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This potential may be used without significant inconsistencies, if the timescale for nonradial oscillations is much smaller than the orbital period P. In the eccentric orbit case d depends on phase 0 instead of Q (r; q, d) so we also use the notation Q(r; q,0) in the context of eccentric orbits to indicate that the potential and stellar surface depend on phase. We also need the gradient VQ, i.e., the partial derivatives dü

and for the secondary component in the same coordinate system [see Wilson (1979, Eq. 6)]

Note that in the circular-synchronous case, d = 1 and F = 1, (3.1.78) and (3.1.81) give the same expression. The partial derivatives w.r.t. y and z are the same, anyway.

The gradient VQ is needed to compute the normal vector, n, according to (3.1.68) and the local gravity as described in Sect. 3.2.1.

Because the potential (3.1.77) is phase dependent, binary stars moving in elliptic orbits will change their shapes accordingly. The potential formalism is of course only an approximation. What is really needed is an analysis of the response of the stellar surface to varying tidal forces, including nonradial oscillations. Although, a rigorous analysis and computation of the instantaneous volume taking into account that stellar matter is compressible, has not yet been worked out, eccentric binary modeling is often based on the following assumption: The shape of a star varies along the orbit, but it is expected that its volume V remains essentially constant [Avni (1976), Wilson (1979)]. For polytropic stars Hadrava (1986) has formally proven that the contact of the stellar surface with its Roche lobe can occur only at periastron. Therefore the stellar surface may be parametrized by the periastron potential Qp which then yields the periastron volume Vp assumed constant over phase. The phase-dependent potential can then be found from Vp. In what follows we pick up Wilson's (1979) argument. A star's critical lobe size sets an upper limit for its size. In the circular, synchronous case, the maximum size is the Roche lobe (however, if this size is exceeded, we still can have an over-contact binary). In the eccentric case the effective critical lobe size is the one which causes the star to fill its critical lobe exactly at periastron. Hut (1981) shows that rotation will tend to synchronize to the periastron angular rate because of the strong dependence of the tidal force on distance. The periastron-synchronized F is given by Hut (1981, Eq. 44)

Analogous to the Lagrangian point L1 in the circular case with synchronous rotation, the equilibrium point xLp of vanishing effective gravity is, for a given F and periastron separation dp = 1 - e, the solution of the equation dQ

dx 1

The solution of this equation is further discussed in Appendix E.12. The potential Qp corresponding to (xlp, 0, 0) yields Vp of the star by a volume integration. Whereas Q = Q(0) varies along the orbit, the volume V of the star is kept constant, V = Vp.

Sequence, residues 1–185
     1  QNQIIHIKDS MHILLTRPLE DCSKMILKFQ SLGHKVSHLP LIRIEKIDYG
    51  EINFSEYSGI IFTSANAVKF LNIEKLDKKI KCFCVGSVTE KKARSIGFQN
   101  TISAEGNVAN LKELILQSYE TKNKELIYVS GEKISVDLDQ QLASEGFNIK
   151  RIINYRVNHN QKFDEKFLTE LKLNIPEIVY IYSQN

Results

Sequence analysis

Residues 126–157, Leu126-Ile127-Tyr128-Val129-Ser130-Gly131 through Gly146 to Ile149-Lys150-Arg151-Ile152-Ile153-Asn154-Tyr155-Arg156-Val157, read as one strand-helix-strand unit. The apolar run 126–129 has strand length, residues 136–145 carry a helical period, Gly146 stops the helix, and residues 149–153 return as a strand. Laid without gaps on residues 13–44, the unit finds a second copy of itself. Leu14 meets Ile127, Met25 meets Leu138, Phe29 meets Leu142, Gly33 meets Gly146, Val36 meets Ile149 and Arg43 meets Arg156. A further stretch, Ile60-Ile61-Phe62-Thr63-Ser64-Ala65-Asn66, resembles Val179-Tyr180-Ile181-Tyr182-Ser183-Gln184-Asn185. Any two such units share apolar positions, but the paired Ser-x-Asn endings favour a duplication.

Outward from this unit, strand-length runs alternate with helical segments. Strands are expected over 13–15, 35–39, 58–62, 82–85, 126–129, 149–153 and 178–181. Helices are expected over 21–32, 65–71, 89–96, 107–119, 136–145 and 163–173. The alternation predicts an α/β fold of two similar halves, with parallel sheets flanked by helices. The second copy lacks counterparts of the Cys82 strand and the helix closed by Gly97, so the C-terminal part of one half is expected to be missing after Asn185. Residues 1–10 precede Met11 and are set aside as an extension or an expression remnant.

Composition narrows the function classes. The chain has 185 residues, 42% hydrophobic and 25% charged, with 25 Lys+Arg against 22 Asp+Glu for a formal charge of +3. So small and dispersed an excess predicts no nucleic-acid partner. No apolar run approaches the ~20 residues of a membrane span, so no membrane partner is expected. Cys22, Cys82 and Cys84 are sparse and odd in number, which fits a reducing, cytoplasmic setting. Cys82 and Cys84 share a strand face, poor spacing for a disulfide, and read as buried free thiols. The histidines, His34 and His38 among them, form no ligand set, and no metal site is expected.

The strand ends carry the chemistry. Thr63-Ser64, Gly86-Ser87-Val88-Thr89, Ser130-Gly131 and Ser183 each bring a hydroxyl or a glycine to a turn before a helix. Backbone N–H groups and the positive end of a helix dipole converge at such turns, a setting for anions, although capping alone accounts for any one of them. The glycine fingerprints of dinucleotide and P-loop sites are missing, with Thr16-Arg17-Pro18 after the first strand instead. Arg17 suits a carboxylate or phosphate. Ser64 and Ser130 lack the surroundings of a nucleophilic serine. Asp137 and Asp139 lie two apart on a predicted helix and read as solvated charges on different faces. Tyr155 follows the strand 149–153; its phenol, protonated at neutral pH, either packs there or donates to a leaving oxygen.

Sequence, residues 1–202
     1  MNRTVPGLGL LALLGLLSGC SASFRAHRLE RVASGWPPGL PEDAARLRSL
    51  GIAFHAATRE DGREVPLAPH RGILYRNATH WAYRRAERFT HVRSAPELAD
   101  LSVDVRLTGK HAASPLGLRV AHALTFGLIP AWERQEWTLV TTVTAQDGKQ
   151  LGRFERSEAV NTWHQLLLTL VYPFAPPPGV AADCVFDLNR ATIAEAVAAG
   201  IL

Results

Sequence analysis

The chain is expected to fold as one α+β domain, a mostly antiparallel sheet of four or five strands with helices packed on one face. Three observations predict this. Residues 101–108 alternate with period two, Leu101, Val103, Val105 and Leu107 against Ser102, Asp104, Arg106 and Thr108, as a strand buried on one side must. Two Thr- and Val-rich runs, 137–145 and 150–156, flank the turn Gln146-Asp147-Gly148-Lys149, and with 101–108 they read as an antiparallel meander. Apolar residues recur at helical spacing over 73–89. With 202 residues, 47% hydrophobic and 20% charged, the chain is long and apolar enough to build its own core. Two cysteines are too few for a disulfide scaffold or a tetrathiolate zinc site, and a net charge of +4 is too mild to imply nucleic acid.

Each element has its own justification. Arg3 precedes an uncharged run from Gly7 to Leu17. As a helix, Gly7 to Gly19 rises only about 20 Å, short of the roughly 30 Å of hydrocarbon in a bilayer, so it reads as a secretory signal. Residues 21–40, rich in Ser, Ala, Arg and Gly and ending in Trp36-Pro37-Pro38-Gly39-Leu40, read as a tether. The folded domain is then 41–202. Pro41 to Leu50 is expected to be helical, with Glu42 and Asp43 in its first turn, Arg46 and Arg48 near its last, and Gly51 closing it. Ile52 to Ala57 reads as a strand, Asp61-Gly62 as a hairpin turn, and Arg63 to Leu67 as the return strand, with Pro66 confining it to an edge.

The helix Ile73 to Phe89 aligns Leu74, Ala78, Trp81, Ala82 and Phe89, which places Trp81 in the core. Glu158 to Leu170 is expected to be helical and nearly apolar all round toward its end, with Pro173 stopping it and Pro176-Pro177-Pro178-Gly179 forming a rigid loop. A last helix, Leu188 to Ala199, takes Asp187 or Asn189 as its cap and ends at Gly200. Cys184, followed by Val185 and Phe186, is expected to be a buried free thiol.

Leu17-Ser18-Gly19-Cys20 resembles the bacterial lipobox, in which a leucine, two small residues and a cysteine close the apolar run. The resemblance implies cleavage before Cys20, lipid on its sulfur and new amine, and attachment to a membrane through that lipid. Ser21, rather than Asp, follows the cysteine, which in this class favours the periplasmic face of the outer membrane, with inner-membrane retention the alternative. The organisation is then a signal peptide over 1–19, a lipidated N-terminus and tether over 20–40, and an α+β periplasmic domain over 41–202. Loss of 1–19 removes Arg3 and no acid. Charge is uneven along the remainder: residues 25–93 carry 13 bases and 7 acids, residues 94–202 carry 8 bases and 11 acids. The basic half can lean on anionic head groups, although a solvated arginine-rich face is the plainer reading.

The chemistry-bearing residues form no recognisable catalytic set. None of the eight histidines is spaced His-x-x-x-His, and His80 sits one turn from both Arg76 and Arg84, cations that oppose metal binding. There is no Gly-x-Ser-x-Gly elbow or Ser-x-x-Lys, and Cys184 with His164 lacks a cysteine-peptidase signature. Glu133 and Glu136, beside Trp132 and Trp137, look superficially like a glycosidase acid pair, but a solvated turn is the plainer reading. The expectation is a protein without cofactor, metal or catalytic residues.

It should be noted that for e = 0 or F = 1 no over-contact configuration can be stable but now a new configuration enters the stage: double-contact. For a further discussion of binary morphologies we refer to Sect. 3.1.6.

As we have seen, the classical Roche model allows only for gravitational and centrifugal forces. The modifications for eccentric orbits and asynchronous uniform rotation make it possible to analyze a much larger group of binaries. The extended Roche model provides a physically reasonable basis for the description of the geometrical structure and, as we will see in Sect. 3.1.6, evolutionary processes of most systems of intermediate to late spectral type which are not too strongly magnetized. However, in very early spectral-type binaries the interaction between radiation and matter may become important because the radiation pressure increases with the fourth power of the effective temperature.

3.1.5.4 Approaches Including Radiation Pressure

As seen in the literature references below there have been many efforts to extend the Roche model and to include the radiation pressure expected in hot stars. Although these efforts have not yet led to a consistent and commonly accepted model, due to several deficiencies, it seems appropriate to discuss them briefly, to comment on their deficiencies, to point the reader to the problems involved in including radiation pressure, and hopefully, to raise further interest in the subject.

In very hot stars the radiation pressure is due to the interaction between electromagnetic radiation and matter and can be important. The radiation pressure decreases the effect of gravity, depends on the momentum transfer associated with absorbed or scattered photons, and is a complicated function of the local conditions. Because a large fraction of the momentum transfer is due to absorption in prominent ultraviolet resonance lines, the problem is related to the radiative acceleration of stellar winds [see, for instance, Castor et al. (1975) or Hearn (1987)].

Dynamically, radiation pressure leads to complicated situations. Stars with radiative envelopes have solutions at depth that are insensitive to surface boundary conditions. Thus, controlled by the optical depths, not too far below the surface, the state variables including the total radiation pressure [cf. Mihalas (1978, Eq. 1-46, p. 17)]

PR = IaT4, a = 4- = 7.5647 ■ 10-15 erg ■ cm-3K-4 (3.1.84)

3 c will be constant on the standard Roche equipotential surfaces. Accordingly, to get the shape of the photosphere, we integrate the structure equations inward along normals to these potential surfaces and determines the starting height by requiring asymptotically the constancy of state variables on equipotential surfaces. The solution thus obtained necessarily has horizontal pressure gradients in the surface layers of nonspherical stars (Kippenhahn and Weigert, 1989), but they become vanishingly small in deep layers. These gradients will give rise to "geostrovarPhic winds" analogous to the Earth's jet stream. Because the depth of the photospheres of hot stars on the main sequence is about 1% of the radius, this is the order of magnitude of the deviations from Roche geometry that we could expect in best cases (Lucy 1997). For very hot stars and certainly for WR components, the photosphere is formed in the star's radiatively driven wind and large deviations from Roche geometry will arise as the problem becomes nonstatic.